Wednesday, June 1, 2011

Food Is Not Always Life And Death

(This is the post that I meant to put up yesterday.)

So this is how I've been thinking about my food choices lately.

Will that dried milk powder give me cancer?
Will the additives in store-bought mayo harm my body?
Will it shave fifteen years off my life if I eat a lot of grains?

And so on. Having questions like that which are essentially impossible to answer, but which you feel like you need to answer, is a sure recipe for soul-killing anxiety.

I had prayed about this a bit, asking God for continued guidance on my food choices. Then the Home Dairy book that I mentioned before finally came from the library. And on one of the first pages, I read the following line:

"There are small, simple measures you can take to enhance your life while also caring for your family, community, and the larger world."1

It immediately struck me, in that "God is telling me something" way, and I realized that it was the answer to my dilemma. I need to think of my food choices not as life and death choices, but as small enhancements to my life. I'm not picking between poison and great food; I'm picking between good food and great food.

1. The quote was referring to the author's blog, Small Measure.


  1. picking between good poison and great poison? (like the choice between a cookie or 5 slices of bacon.....)

  2. Hey, we had a holiday on Monday, so you can be a day late on your blog :)

    I am reading Michael Pollan's "In Defense of Food" and I am going to include it in my book reviewing once I am finished. I know you are going more natural in a lot of things lately; have you read the book and if so, what do you think?

  3. I have not read any of his books, but I have read a couple of his articles. I have also read the book Real Food by Nina Planck, which I believe espouses similar ideas to Pollan's.

    My overall impression of his ideas is that he is on to something, but that there are also valid critiques of some (many?) of his claims. Not everything is quite as bad as he would have you believe, and everything is a lot more complicated in general. He's a man on a mission, for sure. And, for the most part, it's a mission that's important. But I think he gets a little... carried away, with his cause.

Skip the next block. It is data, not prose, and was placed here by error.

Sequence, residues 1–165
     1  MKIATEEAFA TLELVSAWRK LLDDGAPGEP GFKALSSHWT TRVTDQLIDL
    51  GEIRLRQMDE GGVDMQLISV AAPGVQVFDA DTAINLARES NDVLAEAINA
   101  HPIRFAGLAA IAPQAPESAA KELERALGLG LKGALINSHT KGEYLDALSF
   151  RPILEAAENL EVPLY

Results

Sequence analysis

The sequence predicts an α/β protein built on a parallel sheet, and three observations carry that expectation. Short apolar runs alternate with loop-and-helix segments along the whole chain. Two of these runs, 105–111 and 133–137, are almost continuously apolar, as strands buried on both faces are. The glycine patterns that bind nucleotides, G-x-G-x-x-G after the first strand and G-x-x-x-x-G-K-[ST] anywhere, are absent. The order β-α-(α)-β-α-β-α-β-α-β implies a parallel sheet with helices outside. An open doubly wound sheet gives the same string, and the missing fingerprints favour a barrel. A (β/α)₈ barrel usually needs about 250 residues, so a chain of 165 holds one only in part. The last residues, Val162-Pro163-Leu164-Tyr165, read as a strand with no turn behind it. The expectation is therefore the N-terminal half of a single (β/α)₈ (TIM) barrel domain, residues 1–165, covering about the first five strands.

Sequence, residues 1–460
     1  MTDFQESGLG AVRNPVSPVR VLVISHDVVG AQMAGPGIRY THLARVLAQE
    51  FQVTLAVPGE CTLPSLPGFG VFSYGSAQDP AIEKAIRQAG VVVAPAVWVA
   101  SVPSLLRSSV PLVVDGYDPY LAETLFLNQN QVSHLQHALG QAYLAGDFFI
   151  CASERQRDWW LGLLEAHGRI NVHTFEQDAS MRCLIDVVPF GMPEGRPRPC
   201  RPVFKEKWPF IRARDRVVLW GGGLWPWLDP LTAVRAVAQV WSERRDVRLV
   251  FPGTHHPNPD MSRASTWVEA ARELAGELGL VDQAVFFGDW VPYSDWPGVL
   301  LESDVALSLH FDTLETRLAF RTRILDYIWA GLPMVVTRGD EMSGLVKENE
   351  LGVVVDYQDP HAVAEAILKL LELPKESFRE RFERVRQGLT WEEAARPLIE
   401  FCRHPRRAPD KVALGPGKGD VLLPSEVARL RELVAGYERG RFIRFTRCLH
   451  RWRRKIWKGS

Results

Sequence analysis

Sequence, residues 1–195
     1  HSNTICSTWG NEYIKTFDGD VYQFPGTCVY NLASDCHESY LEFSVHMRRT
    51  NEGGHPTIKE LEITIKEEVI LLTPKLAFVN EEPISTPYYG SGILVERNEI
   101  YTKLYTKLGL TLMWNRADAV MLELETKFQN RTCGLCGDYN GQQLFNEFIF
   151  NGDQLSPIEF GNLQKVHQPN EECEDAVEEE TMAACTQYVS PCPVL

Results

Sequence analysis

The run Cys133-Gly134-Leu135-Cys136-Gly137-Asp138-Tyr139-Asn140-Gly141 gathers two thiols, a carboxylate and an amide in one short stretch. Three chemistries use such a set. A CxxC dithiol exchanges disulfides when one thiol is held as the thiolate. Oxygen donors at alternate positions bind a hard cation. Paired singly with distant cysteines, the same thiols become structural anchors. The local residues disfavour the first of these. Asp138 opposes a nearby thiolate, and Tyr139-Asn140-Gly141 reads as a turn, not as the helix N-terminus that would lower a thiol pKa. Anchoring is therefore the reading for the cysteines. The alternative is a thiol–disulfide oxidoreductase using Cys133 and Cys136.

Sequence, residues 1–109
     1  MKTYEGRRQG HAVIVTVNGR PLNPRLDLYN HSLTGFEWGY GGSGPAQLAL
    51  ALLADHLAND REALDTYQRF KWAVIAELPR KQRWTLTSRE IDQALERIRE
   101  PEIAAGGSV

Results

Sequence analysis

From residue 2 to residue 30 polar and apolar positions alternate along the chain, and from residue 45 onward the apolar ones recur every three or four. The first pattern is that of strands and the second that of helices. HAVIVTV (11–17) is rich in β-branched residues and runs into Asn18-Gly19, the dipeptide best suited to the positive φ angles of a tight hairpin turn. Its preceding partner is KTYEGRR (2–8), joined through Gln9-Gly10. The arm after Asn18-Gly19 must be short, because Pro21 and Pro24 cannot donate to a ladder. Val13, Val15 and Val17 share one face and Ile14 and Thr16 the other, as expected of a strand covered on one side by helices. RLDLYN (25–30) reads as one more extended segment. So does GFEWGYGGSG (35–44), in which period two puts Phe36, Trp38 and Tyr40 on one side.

4. Yeah. I think that is a good summary :) I don't think I could convert too diehard to that "diet" (a term I know he dislikes, but whatever) although I do think I'll make some effort to try to follow some of the principles (such as eating more local "plants") because it seems a lot healthier. I think your point is good, about food not exactly being life or death. We sort of have a ridiculous amount of luxury in our lives that we can have this food debate at all. :)

  5. If you have a local farmer's market, you should definitely check it out. I generally figure that anything I *can* buy from there, I would prefer to. Some of them even sell beef from local pastured cows; eggs from chickens that are free-range not just in name only; and so on. The raw milk debate is much more interesting. I am thinking of checking out the local natural foods stores to see if they carry the Organic Valley brand milk; there's a website that was rating "organic" milk suppliers, and they gave them high ratings for producing local milk from cows that get to wander around eating grass, instead of the factory-farm-cow model. (Organic Valley is basically a co-op of farms all over the place, so wherever you live, you'll be getting milk from a local farm.)